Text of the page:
Temps in southern California headed below freezing tonite; some of us probably got there last night as well. What plants are you protecting, and how?
I covered my succulents last night and will continue until Wed. I used dollar store flannel backed plastic tablecloths with some magnetic chips clips to add weight to the ends. I've also used a few cheap fleece blankets over a 75yo jade plant and another potted plant.
I didn't do anything except close the chicken's window and cut the reblooming irises to bring inside. Now I think I should cut the orchids too. Thanks for the reminder.
I got damage on my tomatoes before I could do anything, but the pot was too heavy/bulky to move easily, and they almost never get damage. I picked the green tomatoes yesterday and will cook them that way.
I brought in all my phalaenopsis orchids, as the leaves can get damaged with temps below 40 degree, and they really prefer for it not to get below 45. Anyway, I got them in yesterday, and so they are all okay now. I want to build a shelf for them to stay permanently inside, but that will be for another season. I have protected enclosures outside for my other orchids, but I'll have to check to see if they made it okay. Most of them are pretty hardy, and the cymbidiums are putting out lots of spikes and flowers now - see pic below of one I brought in.
I had already bought in an oncidium and a zygopetalum with spikes that had flowers about to bloom. It got down to 37 degrees at my house this morning, but not so cold in the protected areas. This is the coldest it's ever been at my house, and I hope this is not a trend.
This post was edited by publickman on Mon, Jan 14, 13 at 18:39
Waaa. The mini hedge I worked so hard on all year that the bees love was hit. It's going to be bare in many places. I think it is called Mexican Heather. It has fine foliage and a tiny med pink flower all spring and summer. Should I cut the whole thing to the ground or just cut away the dead stuff?
Do nothing until all chance of frost is past. New growth produced in response to the pruning will be even more susceptible to frost damage. In addition, damaged leaves on top will protect lower parts.
If you aren't familiar with how it will respond to the damage, you may want to hold off on pruning until new growth resumes, that way you don't unintentionally cut away healthy branches (sometimes there are undamaged dormant buds in spite of the frozen leaves).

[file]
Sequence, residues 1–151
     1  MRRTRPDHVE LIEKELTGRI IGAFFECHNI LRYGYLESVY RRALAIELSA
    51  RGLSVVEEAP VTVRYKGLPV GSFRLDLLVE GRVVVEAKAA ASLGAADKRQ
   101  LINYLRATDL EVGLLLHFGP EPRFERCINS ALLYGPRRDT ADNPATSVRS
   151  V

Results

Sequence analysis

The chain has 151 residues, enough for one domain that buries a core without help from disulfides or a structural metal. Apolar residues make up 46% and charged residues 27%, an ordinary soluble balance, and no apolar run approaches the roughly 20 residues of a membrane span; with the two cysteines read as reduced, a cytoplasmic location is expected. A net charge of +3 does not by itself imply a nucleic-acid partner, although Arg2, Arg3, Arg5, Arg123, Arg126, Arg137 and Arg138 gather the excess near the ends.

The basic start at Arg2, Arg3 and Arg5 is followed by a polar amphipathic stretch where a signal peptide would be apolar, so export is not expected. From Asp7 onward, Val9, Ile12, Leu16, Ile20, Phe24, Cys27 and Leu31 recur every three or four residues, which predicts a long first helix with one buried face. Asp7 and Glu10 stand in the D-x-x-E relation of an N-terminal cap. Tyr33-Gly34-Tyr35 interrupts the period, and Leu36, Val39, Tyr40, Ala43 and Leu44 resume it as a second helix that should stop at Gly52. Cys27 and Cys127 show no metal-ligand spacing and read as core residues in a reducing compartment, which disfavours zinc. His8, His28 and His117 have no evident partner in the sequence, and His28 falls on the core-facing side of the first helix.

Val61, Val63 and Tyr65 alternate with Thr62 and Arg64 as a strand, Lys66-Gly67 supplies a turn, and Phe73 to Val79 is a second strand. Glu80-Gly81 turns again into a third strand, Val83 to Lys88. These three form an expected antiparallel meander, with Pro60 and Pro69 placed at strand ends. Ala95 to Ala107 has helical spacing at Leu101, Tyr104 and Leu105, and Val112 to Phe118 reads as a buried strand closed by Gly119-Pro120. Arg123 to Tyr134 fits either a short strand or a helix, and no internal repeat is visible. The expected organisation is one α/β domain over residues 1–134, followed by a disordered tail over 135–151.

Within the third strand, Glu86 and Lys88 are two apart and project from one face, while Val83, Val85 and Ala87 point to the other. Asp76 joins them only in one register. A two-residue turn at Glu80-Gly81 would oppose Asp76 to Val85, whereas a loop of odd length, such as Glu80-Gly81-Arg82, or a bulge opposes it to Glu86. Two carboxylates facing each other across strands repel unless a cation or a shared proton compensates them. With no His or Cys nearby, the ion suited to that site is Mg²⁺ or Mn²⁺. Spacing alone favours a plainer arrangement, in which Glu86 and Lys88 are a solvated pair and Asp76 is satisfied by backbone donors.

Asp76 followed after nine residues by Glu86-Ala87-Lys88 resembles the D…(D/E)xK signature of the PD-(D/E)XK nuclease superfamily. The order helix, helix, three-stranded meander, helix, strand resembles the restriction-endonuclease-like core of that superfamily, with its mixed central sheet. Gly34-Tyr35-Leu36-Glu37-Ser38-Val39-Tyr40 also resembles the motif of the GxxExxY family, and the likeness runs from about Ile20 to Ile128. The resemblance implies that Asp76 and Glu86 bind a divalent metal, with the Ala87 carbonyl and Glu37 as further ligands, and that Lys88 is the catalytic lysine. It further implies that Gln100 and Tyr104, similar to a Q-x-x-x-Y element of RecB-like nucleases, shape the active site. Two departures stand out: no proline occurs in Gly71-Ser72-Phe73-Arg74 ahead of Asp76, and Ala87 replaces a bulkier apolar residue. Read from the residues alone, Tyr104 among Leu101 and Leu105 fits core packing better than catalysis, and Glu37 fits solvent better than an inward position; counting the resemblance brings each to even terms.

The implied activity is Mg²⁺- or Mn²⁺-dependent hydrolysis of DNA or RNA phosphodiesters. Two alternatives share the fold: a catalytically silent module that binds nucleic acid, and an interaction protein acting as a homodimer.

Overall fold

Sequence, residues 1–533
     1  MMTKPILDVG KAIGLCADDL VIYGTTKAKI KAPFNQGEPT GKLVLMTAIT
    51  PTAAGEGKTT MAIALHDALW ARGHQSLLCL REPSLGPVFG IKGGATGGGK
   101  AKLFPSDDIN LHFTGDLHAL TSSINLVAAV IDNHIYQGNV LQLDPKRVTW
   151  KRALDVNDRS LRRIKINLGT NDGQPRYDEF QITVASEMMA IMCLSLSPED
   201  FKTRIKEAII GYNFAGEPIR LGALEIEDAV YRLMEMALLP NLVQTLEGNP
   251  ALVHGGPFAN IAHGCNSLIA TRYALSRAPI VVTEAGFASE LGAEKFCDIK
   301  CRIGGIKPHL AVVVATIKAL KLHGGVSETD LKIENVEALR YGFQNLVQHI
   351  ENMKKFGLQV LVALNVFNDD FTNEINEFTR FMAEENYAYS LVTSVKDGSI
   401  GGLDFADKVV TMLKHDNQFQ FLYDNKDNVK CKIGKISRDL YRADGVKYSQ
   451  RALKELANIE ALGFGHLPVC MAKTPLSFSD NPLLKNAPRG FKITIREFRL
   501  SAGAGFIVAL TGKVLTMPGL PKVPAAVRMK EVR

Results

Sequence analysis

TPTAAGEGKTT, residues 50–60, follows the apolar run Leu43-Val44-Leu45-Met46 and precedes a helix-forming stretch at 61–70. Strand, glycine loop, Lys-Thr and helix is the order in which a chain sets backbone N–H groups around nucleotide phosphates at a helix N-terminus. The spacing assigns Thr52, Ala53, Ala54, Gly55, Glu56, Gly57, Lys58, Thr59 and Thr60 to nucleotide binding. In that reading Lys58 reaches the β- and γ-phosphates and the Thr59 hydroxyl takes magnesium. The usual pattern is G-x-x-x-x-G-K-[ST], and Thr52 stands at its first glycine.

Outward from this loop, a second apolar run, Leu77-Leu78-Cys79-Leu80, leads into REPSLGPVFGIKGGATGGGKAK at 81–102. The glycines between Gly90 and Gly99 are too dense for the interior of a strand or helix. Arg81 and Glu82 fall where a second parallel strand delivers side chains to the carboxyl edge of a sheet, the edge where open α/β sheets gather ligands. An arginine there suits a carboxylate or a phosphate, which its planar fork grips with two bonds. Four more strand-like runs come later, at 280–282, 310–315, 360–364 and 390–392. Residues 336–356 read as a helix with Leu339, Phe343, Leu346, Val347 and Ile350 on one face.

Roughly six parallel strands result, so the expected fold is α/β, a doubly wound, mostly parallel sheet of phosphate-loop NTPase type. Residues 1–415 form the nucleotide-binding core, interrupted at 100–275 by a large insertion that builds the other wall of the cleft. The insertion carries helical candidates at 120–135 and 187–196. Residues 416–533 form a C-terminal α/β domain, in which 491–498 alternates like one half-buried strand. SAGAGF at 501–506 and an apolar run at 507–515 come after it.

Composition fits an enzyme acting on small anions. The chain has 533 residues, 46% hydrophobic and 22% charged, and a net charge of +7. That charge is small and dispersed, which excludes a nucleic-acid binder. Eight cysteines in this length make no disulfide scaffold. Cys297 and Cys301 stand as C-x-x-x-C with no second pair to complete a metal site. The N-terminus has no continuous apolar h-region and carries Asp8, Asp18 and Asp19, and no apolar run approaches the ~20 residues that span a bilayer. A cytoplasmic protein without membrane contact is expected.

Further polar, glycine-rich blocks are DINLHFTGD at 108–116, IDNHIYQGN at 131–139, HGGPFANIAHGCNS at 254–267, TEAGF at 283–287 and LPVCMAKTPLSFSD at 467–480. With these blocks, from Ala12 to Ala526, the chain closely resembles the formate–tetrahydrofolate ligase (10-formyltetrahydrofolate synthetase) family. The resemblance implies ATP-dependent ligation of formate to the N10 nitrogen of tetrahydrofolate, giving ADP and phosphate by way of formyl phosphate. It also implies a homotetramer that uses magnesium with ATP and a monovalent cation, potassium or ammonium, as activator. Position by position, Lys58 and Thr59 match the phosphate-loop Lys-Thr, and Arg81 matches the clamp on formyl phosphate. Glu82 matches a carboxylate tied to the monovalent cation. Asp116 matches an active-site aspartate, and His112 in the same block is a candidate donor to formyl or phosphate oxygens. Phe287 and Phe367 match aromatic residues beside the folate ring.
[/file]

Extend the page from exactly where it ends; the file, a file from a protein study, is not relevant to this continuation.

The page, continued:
Don't do anything til spring!
Lars, love your orchids! I cut mine off and brought them inside, and they look lovely- golden yellow in a silver vase. They smell funky, though. I'm glad it isn't my feet after all :)
My cymbidiums have a sweet smell although my brother cannot smell them. I like their fragrance, but your might smell different.
I had what appears to be frost damage on my banana trees in the back yard, which are near the walls that border the neighbors back yards. One is an ice cream banana, and it is a single tree right in the middle of the back yard at the back wall, where it gets the most sun but is also the least protected. The other is a clump of four trees that I thought were going to make bananas. All I know is that it is some kind of musa banana, which I planted 2-3 years ago, and it has grown well but has not yet flowered. Three of the four trees are now completely brown, but the other has new green foliage at the top. The lowest recorded temperature at my house was 37 degrees, which is the coldest it's been since I moved there, but there was light frost on the grass in my back yard and on my car windshield one morning, parked on the street in front. None of my herbs, such as basil or oregano, were harmed, and the areas where I keep the orchids stayed a bit warmer because they are protected. I'm wondering how much colder the extremes of my yard get compared to the areas right next to the house. The back yard is the highest ground in my immediate neighborhood, although the incline is so minor that you can barely detect it. One of the reasons I bought the house was that I noticed that all water would drain away from it. Now I'm wondering if being on a slight hill is an advantage or not. I'm not far from the Armstrong Nursery on Sepulveda in Westchester, and they had similar temps to mine but didn't have damage, but they covered a lot of their plants.
I covered the marginal plants..and it made a huge difference. My Mango looks good. Its in ground. Ironic that the only night I didn't cover they said mid 30's,it dropped to 34 or a bit less..and THAT singed a couple of leaves. I know that plant was only two old worn out t shirts from being killed or cut to the ground.
Do we need to send you a CARE package of worn out T-shirts?
And it was 80F today. So much for winter.
Nah,my coconut palms and Breadfruit tree's are good to go.